"From the day I found out I was pregnant, I felt like a failure because I didn't have that excitement that everybody says you'll have," says 22-year-old Lauren. "All these negative emotions came over me – fear, panic, shock, and massive amounts of anxiety. It was horrendous."
It wasn't until after her 20-week scan that Lauren, from the UK, was diagnosed with antenatal depression (AND), a condition that affects around one in 10 women during pregnancy, however it's believed this number is as high as one in eight women in New Zealand.
Women suffering from antenatal depression can struggle to take care of their own health, and this can slow the growth of their unborn baby, increase the risk of a premature birth and delay the child's motor and emotional development. Women who suffer from AND are also more likely to experience depression after their child is born.
Postnatal depression, which kicks in after the birth of your baby, affects a similar number of women as AND, but is probably better known and more widely talked about.
"For some women I think it seems more logical that you might struggle after you've had a baby, when you're juggling looking after the newborn and looking after yourself," says Sophie King, a UK midwife.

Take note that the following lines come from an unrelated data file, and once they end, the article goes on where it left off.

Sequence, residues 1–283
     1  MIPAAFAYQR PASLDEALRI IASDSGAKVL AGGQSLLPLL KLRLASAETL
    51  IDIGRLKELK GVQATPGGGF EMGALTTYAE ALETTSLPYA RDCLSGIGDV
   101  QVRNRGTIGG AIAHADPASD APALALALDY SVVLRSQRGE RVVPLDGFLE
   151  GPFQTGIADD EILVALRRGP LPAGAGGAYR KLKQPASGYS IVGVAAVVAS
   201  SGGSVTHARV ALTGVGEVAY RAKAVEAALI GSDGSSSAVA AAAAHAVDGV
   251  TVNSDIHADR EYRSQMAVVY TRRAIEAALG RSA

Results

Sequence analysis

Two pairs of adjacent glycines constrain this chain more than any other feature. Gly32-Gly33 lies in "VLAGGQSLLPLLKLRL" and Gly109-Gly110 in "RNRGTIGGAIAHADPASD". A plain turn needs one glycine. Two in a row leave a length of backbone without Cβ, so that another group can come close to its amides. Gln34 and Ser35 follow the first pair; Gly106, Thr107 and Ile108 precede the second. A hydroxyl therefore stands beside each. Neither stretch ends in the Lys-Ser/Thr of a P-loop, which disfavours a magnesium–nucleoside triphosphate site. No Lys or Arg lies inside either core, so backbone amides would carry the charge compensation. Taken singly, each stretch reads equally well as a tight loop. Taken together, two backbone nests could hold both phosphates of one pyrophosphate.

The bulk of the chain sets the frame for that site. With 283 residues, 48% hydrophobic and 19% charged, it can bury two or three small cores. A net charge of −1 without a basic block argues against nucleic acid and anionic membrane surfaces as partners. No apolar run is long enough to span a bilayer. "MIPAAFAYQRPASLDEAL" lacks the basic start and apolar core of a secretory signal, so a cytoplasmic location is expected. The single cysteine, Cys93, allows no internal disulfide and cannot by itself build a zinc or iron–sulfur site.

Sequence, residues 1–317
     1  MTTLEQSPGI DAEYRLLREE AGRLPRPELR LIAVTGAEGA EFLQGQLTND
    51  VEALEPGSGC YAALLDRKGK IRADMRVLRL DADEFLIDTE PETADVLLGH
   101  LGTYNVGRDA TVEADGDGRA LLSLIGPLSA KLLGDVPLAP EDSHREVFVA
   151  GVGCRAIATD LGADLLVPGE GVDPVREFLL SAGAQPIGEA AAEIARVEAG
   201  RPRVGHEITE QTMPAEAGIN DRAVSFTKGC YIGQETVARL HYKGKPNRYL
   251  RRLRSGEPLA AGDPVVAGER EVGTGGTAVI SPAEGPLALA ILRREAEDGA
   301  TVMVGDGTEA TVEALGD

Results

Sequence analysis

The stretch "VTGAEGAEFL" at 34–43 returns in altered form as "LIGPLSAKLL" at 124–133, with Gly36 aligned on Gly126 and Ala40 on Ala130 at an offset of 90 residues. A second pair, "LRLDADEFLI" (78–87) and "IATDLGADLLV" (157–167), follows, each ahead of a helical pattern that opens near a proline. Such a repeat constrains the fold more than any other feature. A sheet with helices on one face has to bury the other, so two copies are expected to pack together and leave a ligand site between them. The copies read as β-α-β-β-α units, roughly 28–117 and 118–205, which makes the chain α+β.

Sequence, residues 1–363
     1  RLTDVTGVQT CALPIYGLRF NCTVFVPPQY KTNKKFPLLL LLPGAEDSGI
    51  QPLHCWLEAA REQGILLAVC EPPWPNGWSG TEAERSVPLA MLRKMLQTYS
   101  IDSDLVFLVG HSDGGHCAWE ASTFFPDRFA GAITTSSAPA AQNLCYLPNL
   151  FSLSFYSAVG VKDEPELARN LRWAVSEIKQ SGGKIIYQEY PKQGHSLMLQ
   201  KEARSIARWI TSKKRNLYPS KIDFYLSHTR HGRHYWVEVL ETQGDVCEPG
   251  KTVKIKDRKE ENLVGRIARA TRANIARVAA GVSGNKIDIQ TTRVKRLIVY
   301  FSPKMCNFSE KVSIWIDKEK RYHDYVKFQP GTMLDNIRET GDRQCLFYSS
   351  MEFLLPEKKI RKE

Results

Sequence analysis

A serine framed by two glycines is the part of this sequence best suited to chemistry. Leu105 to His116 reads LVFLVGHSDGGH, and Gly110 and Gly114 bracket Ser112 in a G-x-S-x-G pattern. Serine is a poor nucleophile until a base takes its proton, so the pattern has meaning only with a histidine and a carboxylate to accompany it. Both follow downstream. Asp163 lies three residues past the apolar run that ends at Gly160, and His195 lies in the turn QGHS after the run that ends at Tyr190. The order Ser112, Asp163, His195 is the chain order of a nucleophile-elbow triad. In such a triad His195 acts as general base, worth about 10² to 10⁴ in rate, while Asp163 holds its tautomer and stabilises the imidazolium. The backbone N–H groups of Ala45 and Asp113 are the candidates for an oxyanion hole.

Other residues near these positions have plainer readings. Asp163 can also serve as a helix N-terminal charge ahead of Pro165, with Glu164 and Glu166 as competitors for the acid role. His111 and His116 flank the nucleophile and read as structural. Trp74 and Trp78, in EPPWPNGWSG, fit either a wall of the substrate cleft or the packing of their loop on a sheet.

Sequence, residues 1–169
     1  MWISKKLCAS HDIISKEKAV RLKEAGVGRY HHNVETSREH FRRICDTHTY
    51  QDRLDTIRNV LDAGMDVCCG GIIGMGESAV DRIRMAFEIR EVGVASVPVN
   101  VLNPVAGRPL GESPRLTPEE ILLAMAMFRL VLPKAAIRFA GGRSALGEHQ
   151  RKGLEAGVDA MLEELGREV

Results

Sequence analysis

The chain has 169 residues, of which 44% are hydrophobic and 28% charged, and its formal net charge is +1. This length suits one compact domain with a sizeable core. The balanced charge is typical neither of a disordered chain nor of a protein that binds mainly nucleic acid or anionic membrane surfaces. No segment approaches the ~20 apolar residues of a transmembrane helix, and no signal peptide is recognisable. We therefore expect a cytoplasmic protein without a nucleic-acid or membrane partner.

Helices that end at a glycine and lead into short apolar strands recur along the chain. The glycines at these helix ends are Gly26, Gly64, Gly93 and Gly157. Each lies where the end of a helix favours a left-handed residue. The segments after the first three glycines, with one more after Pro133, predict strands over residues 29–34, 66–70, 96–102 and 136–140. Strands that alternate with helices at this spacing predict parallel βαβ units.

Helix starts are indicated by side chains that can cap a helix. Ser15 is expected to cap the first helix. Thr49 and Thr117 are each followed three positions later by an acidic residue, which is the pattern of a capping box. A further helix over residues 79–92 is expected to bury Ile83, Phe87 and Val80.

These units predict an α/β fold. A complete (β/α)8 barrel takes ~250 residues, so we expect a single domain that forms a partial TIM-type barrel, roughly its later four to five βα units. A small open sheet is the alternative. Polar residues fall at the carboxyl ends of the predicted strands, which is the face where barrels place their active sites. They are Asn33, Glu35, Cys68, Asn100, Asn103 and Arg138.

"But I think antenatal depression is not so talked about among pregnant women because people presume you should be happy and excited that you're having a baby, not feeling low. You can feel both!" she adds.
Lauren continues, "When you first find out you're pregnant, you're always worried about the likelihood of miscarriage and whatnot, but with antenatal depression everything seemed to be 10 times worse.
"It was stopping me getting out of bed, it was making me miserable, I didn't really want to be around people, and initially I couldn't even get excited about being pregnant."
Lauren's experience is fairly typical of antenatal, or prenatal, depression. Symptoms can include feeling down, restless, lethargic or irritable, a loss of interest or enjoyment in your normal activities, trouble sleeping, and isolating yourself from other people.
"It's no different from the depression you can experience at any time in your life," explains UK maternal mental health expert Dr Alaine Gregoire.
"The only thing that is critically different, obviously, is the timing. Pregnancy is a really important time in the lives of women and families, and it's actually quite easy to slip into being very unwell without even really clicking that you're no longer yourself."
For 27-year-old Rachel, it was a miscarriage scare that kickstarted antenatal depression during her second pregnancy.
"At around five or six weeks I was convinced I was having a miscarriage, and I think that had a lasting effect on me," she says.
"I've had mental health issues before, including PND with my first baby, but during my second pregnancy was the first time I'd ever had to take time off work with it," she adds.